As efforts intensify to increase economic dynamism and the rates at which businesses scale or shrink and employees change jobs, we see more targeted education and support programs for entrepreneurs to a particular sector such as health IT or education startups, or a particular demographic group, such as women or youth (in its various definitions).
It is easy to see why policymakers and those designing and running interventions to support entrepreneurs want to be cautious about making their efforts unnecessarily complex by developing different approaches for one demographic group versus another. Surely most smart methodologies—Lean Startup theory, for example—apply to all nascent entrepreneurs or startups. However, when we start to examine why America is seeing declining rates of new firm formation, it matters a great deal. Which demographic is facing the biggest barriers? What pocket of Americans have the most potential for innovating through these volatile economic times by starting those new firms that will scale and employ large numbers?
This week we will see the spotlight focused on two specific demographic trends which are catching the attention of policymakers and entrepreneurship educators alike: the aging of baby boomers (born 1946-1964) and the maturation of Millennials (born 1981-1997).
I have previously written about the importance of older Americans. Senior entrepreneurs are a vital part of today’s economic model where individuals are no longer replaceable cogs in a system but rather autonomous sources for creativity and innovation. In fact, adults over the age of 50 comprise one of the fastest-growing groups of entrepreneurs in the United States, according to a new Gallup study. They are a hardworking generation that brings unique knowledge to founder teams, as well as previous startup experience and financial resources to help mitigate personal risk. However, older Americans were also hit by the recession and as boomers age they will clearly start companies at a slower pace.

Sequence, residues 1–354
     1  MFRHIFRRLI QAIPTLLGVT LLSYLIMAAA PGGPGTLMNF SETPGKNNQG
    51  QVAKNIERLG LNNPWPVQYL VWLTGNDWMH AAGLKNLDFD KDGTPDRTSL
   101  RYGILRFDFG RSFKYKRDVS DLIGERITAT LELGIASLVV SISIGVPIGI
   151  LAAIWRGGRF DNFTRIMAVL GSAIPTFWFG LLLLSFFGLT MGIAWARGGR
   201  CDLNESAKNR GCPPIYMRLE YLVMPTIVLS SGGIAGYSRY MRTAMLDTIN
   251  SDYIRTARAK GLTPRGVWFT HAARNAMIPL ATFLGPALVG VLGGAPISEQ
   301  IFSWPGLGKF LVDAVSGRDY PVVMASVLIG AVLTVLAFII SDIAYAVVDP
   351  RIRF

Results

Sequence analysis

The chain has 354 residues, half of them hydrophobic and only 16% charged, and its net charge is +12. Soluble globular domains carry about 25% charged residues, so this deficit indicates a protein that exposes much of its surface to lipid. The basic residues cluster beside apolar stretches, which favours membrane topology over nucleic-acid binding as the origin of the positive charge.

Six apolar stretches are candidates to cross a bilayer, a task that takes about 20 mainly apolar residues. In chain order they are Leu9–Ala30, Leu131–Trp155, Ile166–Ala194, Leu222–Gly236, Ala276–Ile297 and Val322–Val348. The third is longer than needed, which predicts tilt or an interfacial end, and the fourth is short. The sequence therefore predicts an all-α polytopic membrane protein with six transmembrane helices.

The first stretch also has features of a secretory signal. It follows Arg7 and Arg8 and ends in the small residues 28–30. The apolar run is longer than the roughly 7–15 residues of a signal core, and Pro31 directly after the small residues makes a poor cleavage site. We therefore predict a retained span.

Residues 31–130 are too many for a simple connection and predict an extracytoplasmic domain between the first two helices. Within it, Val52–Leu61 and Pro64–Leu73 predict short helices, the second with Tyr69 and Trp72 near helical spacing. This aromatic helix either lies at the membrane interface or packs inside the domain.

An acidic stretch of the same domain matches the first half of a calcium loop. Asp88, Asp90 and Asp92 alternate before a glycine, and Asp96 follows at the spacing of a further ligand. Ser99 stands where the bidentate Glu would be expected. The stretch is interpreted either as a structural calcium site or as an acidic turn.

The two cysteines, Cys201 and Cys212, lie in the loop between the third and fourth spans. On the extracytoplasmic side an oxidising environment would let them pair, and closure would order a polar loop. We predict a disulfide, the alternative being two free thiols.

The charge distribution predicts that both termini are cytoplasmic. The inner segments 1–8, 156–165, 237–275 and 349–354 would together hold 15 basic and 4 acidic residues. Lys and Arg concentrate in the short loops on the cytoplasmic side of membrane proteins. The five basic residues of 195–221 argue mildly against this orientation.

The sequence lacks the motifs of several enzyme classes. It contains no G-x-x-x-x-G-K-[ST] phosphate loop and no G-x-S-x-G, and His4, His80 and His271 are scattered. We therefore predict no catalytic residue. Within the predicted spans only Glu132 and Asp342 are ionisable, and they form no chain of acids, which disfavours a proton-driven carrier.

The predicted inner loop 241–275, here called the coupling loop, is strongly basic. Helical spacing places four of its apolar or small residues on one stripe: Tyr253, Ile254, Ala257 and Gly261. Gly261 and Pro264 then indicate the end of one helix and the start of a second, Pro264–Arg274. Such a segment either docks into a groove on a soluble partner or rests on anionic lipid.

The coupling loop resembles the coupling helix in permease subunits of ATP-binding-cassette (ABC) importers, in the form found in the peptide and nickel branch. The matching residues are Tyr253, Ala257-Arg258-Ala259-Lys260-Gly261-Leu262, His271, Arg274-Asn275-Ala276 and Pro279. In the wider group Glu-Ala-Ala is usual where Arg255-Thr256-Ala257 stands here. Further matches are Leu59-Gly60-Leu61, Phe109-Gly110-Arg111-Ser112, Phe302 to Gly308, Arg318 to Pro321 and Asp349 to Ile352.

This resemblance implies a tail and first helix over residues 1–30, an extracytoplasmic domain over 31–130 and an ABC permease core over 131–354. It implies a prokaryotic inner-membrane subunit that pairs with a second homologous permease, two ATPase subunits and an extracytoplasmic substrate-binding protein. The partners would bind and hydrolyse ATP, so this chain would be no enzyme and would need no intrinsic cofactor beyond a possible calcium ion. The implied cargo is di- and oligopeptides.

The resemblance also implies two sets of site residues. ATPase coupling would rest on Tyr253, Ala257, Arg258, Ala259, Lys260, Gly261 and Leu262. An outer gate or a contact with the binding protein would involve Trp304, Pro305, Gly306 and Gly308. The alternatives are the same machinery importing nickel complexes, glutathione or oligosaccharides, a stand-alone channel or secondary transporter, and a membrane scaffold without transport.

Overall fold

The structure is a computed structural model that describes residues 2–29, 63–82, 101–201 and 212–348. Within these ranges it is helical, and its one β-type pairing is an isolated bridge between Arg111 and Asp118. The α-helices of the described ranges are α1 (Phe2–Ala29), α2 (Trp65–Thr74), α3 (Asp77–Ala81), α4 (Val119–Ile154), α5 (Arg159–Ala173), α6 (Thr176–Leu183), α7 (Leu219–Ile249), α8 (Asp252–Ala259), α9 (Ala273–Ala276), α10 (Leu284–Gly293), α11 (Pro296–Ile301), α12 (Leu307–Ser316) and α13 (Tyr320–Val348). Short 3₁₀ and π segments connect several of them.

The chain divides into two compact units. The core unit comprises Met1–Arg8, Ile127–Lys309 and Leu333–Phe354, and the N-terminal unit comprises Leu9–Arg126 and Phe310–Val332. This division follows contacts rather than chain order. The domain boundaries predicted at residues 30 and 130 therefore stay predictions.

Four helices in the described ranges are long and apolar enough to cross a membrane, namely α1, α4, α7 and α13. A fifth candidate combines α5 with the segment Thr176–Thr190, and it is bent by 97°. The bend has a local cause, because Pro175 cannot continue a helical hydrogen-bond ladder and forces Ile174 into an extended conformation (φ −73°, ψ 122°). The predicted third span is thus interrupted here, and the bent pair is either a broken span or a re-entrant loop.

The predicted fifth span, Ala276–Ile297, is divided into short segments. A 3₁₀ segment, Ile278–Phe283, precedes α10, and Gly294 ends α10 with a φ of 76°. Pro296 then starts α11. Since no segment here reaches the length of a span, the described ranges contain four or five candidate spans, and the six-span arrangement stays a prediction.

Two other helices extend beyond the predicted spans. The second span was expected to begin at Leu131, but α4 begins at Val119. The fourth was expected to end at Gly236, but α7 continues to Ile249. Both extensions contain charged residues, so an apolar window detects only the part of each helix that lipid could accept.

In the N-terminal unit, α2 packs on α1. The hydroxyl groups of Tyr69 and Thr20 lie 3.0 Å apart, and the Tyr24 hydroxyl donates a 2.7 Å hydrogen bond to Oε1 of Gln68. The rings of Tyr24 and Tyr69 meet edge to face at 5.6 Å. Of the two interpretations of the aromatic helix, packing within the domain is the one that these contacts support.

Millennials also bring great promise. They are well-educated and hold generous value systems that suit creativity, team collaboration, new ideas and doing good while doing well. However, while they are maturing into peak ages for entrepreneurial performance they face severe debt.
The optimist in me sees these two demographic trends combined as a blessing to the American economy. They are of course compatible matches. The potential for founder dating across generations and demographics appears obvious – at least at face value. But here lies the challenge. We don’t know for sure. As with other questions around the economic dynamics of entrepreneurialism, we face a paucity of data and need better and more detailed benchmarking systems around demographics.
This week, the Kauffman Foundation’s sixth annual State of Entrepreneurship Address in Washington, D.C., promises to help by delving into these trends, discussing in much more detail how these two groups are shaping the levels of entrepreneurship in the country and what we can all do to improve our knowledge and understanding in view of economic growth objectives. You will hear both encouraging trends as well bad news about the ability of these two groups to turn entrepreneurial aspirations into new businesses. Perspectives offered at the event will include those of U.S. Secretary of Commerce Penny Pritzker and Small Business Administration Administrator Maria Contreras-Sweet. Americans can also vote not only on which demographic group they think will have the greatest impact on entrepreneurship, but more importantly what policy idea would be most beneficial to that group’s future success.
This year’s annual address will be streaming live online from 12 noon until 2:00 pm ET at kauffman.org/SOE2015. I encourage you to weigh in with your comments.
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